Katt Shea’s The Rage: Carrie 2 might seem like the kind of late-90s cash-grab better suited for bargain bins than serious consideration, but in truth, it’s an emo odyssey that exceptionally targets the decades’ rage-filled zeitgeist. Rachel Lang (Emily Bergl) grapples with burgeoning telekinetic abilities much like Carrie White. This Carrie has twists aplenty, though it arrives at the same climactic stage— party-time slaughter. As the chaos unfurls, several jocks corner Rachel near the pool, armed with harpoon guns. Rachel makes quick work of them, including one unfortunate soul trapped in the pool as Rachel uses her power to close the cover.
The Prowler is one of the greatest slasher movies ever made. Joseph Zito’s masterpiece is elevated by sensational effects work from one Tom Savini, a strong central mystery, and several nail-biting moments of tension. One such beat occurs midway through when Lisa (Cindy Weintraub) abandons the graduation party for a dip in the pool. All alone where no one can hear her scream, Lisa’s death is punctuated by a sensational jump scare as the titular Prowler appears by the ladder before diving in to finish the deed. This horror pool runs red.
Poltergeist does a lot right (it’s a classic for a reason), though its secret weapon might be the tactility of its scares. I’ve written about it before, though in essence, the spectral forces of Tobe Hooper’s masterpiece are physically engaged with its players in a way most haunted house movies aren’t. The principle is conceptualized as JoBeth Williams’ Diane falls into the family’s unfinished pool in the finale. As she tries to escape, constrained by the heaps of mud and blinding rain, she is assailed by skeletons and coffins erecting from the dirt. It’s a gritty, physical scene bolstered by Williams’ fierce performance and Hooper’s penchant for ghosts that hurt. Horror pools have rarely been better.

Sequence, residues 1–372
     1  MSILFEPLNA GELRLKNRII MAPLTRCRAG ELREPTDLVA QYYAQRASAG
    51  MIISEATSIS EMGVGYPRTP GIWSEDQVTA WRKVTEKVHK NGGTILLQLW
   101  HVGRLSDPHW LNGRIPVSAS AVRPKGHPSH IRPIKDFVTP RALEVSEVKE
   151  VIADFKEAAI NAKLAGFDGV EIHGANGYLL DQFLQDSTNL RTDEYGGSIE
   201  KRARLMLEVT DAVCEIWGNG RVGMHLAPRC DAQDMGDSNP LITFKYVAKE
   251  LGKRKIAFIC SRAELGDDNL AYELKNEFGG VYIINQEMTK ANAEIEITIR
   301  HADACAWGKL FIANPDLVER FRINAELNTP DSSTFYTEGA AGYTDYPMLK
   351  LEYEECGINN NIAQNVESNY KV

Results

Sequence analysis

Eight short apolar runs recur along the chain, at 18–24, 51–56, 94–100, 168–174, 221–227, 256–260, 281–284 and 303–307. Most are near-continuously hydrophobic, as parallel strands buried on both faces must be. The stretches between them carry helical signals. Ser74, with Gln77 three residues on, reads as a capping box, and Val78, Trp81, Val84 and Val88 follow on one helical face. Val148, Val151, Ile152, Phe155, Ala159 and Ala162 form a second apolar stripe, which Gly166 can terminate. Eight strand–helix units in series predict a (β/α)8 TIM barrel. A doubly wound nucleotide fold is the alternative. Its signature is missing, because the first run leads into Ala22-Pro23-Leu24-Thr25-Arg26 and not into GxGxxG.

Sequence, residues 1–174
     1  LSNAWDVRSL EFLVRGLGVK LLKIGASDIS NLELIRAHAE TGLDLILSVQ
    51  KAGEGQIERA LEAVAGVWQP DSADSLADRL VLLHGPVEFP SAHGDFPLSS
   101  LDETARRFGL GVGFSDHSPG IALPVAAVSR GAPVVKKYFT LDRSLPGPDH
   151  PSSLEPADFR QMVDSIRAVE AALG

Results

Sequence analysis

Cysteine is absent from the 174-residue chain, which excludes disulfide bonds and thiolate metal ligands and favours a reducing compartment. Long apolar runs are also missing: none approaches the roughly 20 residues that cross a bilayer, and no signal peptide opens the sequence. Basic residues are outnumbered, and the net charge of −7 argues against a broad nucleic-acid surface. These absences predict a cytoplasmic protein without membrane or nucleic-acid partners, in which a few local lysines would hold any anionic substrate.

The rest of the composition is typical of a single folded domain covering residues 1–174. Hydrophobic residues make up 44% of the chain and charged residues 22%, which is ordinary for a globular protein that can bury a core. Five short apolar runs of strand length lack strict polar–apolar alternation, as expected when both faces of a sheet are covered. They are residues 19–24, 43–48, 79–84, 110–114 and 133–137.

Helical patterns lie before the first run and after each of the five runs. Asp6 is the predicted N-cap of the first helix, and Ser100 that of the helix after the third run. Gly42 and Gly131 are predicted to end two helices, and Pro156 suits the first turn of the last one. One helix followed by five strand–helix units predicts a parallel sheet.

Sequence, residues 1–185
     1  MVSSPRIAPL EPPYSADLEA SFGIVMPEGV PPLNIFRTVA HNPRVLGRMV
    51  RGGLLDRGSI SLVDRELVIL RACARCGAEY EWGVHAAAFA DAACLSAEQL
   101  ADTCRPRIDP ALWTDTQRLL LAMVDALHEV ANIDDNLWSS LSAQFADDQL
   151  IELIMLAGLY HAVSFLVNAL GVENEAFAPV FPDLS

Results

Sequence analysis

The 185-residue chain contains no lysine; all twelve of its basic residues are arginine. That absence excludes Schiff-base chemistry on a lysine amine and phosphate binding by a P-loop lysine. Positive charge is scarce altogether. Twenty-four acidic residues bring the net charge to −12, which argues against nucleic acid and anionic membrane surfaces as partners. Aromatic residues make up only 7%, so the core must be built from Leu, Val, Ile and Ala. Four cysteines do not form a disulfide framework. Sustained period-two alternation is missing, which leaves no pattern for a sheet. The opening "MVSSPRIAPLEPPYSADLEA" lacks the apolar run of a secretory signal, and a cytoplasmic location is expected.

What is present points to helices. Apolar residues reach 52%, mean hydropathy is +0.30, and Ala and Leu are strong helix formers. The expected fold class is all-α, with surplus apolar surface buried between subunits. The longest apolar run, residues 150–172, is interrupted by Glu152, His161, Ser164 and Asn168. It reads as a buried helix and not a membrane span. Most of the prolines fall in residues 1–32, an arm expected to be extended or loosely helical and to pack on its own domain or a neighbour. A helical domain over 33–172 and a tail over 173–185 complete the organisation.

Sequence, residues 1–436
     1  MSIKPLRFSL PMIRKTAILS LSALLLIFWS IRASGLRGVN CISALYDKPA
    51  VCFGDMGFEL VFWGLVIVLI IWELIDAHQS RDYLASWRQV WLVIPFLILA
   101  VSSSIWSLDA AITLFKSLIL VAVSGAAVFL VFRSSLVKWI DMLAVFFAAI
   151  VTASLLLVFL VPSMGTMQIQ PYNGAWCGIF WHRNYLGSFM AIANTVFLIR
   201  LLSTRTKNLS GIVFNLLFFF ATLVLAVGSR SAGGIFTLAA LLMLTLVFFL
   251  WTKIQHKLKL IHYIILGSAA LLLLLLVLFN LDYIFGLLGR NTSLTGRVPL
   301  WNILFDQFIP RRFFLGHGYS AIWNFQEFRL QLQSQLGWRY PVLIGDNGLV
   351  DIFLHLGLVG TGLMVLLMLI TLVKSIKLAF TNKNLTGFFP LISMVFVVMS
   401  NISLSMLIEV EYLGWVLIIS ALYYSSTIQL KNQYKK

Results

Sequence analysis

Dan Curtis’ Burnt Offerings remains a favorite among horror aficionados for good reason—it’s a sterling example of southern gothic horror done right. The Rolf family opts to rent a massive mansion for the summer with an odd caveat—the property owner’s mother will remain upstairs for the duration of their stay. Ghostly shenanigans abound as the family slowly loses their mind at the behest of some unseen force. An early warning of their descent comes as father Ben (Oliver Reed) gets carried away while playing with son, Davey (Lee H. Montgomery) in the property’s pool. Their roughhousing spirals to the point where Ben actively tries drowning his own son, remarking soon after that he has no recollection of the event.
Phenomena might be mid-tier Argento (though that depends on who you ask), though I’ve always been partial to its bonkers mix of Giallo violence and supernatural tomfoolery. A young Jennifer Connelly stars as Jennifer Corvino, an American student at a Swiss boarding school with a curious, telepathic link to insects. Bodies drop, of course, and in the blood-soaked finale, one of the nastiest horror pool scenes ever takes place. Jennifer is dropped into a pool filled with dead bodies and maggots, desperately scrambling for her life while the audience has no choice but to look away.
What do you think? What’s your favorite horror scene set by the pool? I left several noteworthy entries off, including The Final Destination’s disembowelment, though if there’s a pool, I’m almost assuredly there. Let me know over on Twitter @Chadiscollins, and please, stay safe this summer.
Categorized: Editorials Lists